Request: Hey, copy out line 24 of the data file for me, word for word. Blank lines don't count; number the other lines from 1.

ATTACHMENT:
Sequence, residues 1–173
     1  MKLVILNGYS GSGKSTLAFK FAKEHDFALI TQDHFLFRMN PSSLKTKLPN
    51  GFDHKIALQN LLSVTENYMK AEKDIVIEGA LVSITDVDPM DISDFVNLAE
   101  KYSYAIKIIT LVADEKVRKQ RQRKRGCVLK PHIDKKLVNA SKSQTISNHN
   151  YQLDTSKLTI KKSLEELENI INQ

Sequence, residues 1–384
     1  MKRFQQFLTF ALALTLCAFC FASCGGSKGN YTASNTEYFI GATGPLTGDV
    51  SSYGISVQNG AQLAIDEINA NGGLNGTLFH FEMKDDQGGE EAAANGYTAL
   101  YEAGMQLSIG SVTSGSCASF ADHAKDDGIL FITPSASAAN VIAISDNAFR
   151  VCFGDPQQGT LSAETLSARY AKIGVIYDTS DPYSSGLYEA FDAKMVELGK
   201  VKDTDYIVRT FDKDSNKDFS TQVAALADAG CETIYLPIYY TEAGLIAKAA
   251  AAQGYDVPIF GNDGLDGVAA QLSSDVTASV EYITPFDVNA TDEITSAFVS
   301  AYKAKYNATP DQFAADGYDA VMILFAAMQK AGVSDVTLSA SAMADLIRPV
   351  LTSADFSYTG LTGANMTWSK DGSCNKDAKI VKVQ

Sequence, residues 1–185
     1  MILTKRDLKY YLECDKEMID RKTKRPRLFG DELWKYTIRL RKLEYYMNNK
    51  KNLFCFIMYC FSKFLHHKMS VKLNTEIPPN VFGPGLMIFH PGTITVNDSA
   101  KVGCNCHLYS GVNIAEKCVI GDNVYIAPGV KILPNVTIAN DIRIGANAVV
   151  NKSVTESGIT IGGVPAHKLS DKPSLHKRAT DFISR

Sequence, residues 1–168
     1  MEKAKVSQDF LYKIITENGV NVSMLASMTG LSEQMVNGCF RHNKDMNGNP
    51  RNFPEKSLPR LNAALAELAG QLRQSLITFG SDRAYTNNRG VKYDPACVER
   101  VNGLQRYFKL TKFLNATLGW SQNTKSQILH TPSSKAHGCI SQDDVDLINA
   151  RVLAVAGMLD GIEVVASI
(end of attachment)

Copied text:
   151  RVLAVAGMLD GIEVVASI